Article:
Front Row Centre’s Nine doesn’t equal 8Ω

By Jordyn Marcellus

First impressions are vitally important to any film or theatre project. If you can’t grab your audience, hook them into the story and make the audience identify with the characters, the entire production falls apart. Unfortunately, Front Row Centre’s 2007-08 season opener, Nine, has an opening scene that confuses, annoys and leaves a bad impression that cannot be undone by a wonderfully playful second act.

Guido Contini (named after Guido Anselmi in the film 8½, who is himself the thinly-veiled portrait of Italian filmmaker Federico Fellini) travelling to a spa with his wife Luisa (Allison Roth) in an attempt to beat out his director’s block and save his marriage. Unfortunately, his mistress (Ashlyn Peneycad) follows him as well. What’s more, his French producer finds him at the spa and forces him to make a film–which he decides to make a bodice-ripper based upon the story of Casanova, casting all the people at the spa to play roles in his film. He then re-tells the story of Casanova, bringing back his beloved protege Claudia for one last shot at rekindling his romance with her.

A major complaint is the opening scene of the play. The scene is meant to be indicative of the confusing, mixed-up existence of Guido Contini (or Fellini) as women flirt and suggestively talk about him and his genius. It starts off simply with Luisa and Carla talking about him, mixing in their native Italian as each one describes their relationship with him. This would be fine if it were just the two characters. Unfortunately, more and more come and give their speeches, twirling around Guido and as they sing and talk in English, Italian, French and German. It becomes harder to both hear and understand what each character is saying in the mess–sometimes, characters are talking in English and we should be listening to what they say, but it’s impossible to understand with the cacophony of gibberish.

Despite the rough opening, the play picks up with the Sarraghina musical number near the end of act one. It’s a fantastically fun sequence where the wild-haired Sarraghina (Nicole Owen) teaches three children how to love like the Italians. It leads into the second act, when Guido’s film is in production. Half of the second act is a rip-roaring faux costume drama with quick costume changes, witty dialogue, and farcical elements as Guido re-tells the first act in his own weird, wonderful, wacky way. It’s joyous, amusing and excessively fun, but cannot make up for the miserable first act.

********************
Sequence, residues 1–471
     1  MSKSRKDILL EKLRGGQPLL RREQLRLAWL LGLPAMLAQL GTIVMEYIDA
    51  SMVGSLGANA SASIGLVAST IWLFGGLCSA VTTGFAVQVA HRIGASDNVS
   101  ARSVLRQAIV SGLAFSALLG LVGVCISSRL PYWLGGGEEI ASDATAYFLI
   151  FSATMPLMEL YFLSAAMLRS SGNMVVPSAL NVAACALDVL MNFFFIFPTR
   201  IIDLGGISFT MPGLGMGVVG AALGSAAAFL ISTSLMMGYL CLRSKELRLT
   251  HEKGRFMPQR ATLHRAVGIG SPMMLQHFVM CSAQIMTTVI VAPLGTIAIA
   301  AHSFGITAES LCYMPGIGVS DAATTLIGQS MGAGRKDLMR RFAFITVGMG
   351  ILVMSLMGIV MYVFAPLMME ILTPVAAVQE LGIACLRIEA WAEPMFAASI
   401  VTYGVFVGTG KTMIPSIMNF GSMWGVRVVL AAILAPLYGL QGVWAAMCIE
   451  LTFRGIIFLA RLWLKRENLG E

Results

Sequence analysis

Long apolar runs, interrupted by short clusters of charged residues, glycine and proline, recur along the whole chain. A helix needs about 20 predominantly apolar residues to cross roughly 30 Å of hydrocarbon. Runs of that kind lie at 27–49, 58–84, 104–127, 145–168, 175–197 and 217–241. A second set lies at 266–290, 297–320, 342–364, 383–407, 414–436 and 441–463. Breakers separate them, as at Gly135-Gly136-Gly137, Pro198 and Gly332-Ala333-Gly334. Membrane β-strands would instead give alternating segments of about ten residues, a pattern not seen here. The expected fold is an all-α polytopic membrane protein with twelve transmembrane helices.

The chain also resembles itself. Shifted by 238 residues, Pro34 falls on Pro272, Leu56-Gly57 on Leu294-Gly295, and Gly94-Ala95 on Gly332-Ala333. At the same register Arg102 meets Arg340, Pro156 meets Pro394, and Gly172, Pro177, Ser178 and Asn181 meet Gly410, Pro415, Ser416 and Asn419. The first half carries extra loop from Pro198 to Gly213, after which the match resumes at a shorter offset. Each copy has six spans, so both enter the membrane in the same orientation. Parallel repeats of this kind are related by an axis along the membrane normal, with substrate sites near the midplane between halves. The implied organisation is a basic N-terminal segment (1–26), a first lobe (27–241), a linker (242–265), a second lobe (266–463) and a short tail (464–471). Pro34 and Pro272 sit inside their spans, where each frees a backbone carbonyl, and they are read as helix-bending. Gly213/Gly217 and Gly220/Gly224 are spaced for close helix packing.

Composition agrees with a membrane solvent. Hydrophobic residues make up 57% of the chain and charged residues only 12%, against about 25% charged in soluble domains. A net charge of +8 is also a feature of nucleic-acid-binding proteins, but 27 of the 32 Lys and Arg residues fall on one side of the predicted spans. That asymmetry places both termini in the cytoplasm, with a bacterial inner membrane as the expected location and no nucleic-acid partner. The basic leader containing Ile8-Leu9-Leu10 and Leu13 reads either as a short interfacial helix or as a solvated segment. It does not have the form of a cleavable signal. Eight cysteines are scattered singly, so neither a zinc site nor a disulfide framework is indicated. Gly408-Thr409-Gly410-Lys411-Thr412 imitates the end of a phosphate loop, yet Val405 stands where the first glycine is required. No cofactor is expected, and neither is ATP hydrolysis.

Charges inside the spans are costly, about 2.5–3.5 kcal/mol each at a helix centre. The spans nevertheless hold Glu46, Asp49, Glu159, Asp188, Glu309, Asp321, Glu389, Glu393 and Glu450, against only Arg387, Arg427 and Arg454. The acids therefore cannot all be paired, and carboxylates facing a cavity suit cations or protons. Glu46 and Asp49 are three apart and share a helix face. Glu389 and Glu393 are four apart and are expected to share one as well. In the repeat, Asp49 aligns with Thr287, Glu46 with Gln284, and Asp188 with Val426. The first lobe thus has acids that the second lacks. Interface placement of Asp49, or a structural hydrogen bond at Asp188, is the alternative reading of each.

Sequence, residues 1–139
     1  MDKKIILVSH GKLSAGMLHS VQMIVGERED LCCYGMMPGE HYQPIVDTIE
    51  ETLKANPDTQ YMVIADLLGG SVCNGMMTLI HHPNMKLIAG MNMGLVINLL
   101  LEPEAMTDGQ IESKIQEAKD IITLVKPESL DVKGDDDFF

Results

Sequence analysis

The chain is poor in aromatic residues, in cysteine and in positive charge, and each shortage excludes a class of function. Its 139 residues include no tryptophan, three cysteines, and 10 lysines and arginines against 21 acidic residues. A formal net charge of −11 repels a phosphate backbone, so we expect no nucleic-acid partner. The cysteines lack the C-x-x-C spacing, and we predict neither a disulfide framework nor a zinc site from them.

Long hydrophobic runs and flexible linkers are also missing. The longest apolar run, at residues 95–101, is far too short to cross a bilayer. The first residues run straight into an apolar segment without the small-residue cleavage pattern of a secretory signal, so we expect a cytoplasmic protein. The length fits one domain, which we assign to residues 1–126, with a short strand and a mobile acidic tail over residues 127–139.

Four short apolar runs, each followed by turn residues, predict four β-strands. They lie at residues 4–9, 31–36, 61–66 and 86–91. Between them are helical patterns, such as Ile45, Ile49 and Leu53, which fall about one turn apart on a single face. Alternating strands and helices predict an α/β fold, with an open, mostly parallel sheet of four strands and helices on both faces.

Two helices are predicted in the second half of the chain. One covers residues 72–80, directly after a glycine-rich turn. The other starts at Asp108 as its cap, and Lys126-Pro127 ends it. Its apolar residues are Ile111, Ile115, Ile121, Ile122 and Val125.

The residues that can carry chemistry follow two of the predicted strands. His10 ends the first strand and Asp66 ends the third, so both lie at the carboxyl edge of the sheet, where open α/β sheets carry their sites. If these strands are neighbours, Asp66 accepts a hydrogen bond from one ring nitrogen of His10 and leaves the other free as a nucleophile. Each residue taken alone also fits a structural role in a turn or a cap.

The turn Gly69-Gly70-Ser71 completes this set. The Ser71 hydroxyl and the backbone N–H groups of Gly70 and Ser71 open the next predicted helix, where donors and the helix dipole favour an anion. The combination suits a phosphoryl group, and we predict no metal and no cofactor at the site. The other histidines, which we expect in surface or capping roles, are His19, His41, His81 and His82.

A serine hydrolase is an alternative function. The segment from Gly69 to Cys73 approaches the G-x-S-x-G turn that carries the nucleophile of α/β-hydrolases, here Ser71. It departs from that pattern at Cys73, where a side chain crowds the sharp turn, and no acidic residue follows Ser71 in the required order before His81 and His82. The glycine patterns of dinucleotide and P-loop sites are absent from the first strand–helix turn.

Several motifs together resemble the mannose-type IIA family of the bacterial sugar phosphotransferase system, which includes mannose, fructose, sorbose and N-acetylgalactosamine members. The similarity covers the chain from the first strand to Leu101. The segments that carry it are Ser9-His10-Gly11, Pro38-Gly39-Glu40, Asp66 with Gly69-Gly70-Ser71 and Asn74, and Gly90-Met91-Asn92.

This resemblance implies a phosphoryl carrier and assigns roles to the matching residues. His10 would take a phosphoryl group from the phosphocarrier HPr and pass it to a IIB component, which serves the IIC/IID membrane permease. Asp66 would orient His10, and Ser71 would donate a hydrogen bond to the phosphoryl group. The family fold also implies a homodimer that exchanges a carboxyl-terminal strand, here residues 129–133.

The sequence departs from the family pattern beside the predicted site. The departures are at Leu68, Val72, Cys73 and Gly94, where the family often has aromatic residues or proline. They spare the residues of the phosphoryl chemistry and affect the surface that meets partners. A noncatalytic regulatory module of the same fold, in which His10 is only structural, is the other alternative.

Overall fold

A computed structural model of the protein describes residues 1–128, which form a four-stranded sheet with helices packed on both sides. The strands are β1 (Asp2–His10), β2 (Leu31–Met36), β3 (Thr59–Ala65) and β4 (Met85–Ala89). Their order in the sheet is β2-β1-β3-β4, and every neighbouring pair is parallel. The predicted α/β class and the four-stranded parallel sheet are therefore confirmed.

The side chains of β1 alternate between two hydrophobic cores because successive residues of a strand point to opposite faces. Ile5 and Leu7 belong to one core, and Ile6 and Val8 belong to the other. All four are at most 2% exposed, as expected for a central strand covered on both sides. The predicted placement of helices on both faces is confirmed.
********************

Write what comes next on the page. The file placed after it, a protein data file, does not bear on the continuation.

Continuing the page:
One of the major flaws of Nine is actually a technical issue: it’s incredibly hard to hear the actors. Because of the acoustics of the Pumphouse Theatre and because none of the actors have microphones apart from one child, it becomes hard to hear one single voice over the chorus. This is especially problematic when the actors have to sing in the lower registers–the soprano chorus just powers over the lower voices and it becomes impossible to hear their dialogue, particularly when delivered in rapid-fire.

One of the major complaints that some people have about community theatre productions is that they are woefully amateur in comparison to companies like Alberta Theatre Projects or Theatre Calgary. Normally, this is unfounded. Some of the best productions are actually the ones that come from the community instead of professionals. Unfortunately, Nine has some slip-ups that make the production seem slapdash and amateurish. Before the play started, the cast and crew were casually chatting backstage. Because of the logistics of the Pumphouse Theatre, the audience could overhear these conversations easily, which smacks of unprofessionalism. Secondly, the entire production feels rushed–from the awkward bows, to the clanging and banging behind the stage, it feels like the actors were in need of two more weeks of rehearsal time to really nail it down pat.

Simply put, these problems are the products of poor directing. Nine has won two major Tony Awards: one in 1982 for best musical and another in 2003 for best revival of a musical. But in the hands of director Colleen Bishop, the script feels awkward and unsure. The pacing is stuttering and character arcs feel haphazard and inconclusive. There are some supposedly very serious moments that end up being amusing because of poor director choices–at the end, the entire chorus comes out dressed in white, in comparison to their previous attire of all-black. This is wildly funny, due to the extremely hokey nature of the choice. This kind of unfortunate cloying sentimentality only further smacks of community theatre–a poor choice steeped in sentimentality that is only meant to tug at the heartstrings for no other reason than being steeped in sentimentality.

Friends and family can go and enjoy Nine. As long as you don’t expect a masterpiece of theatre and instead drop your standards and can grimace through the first act, you’ll be able to enjoy yourself. Otherwise, don’t bother making the trek to go see Nine and instead stay inside and watch 8½ instead.

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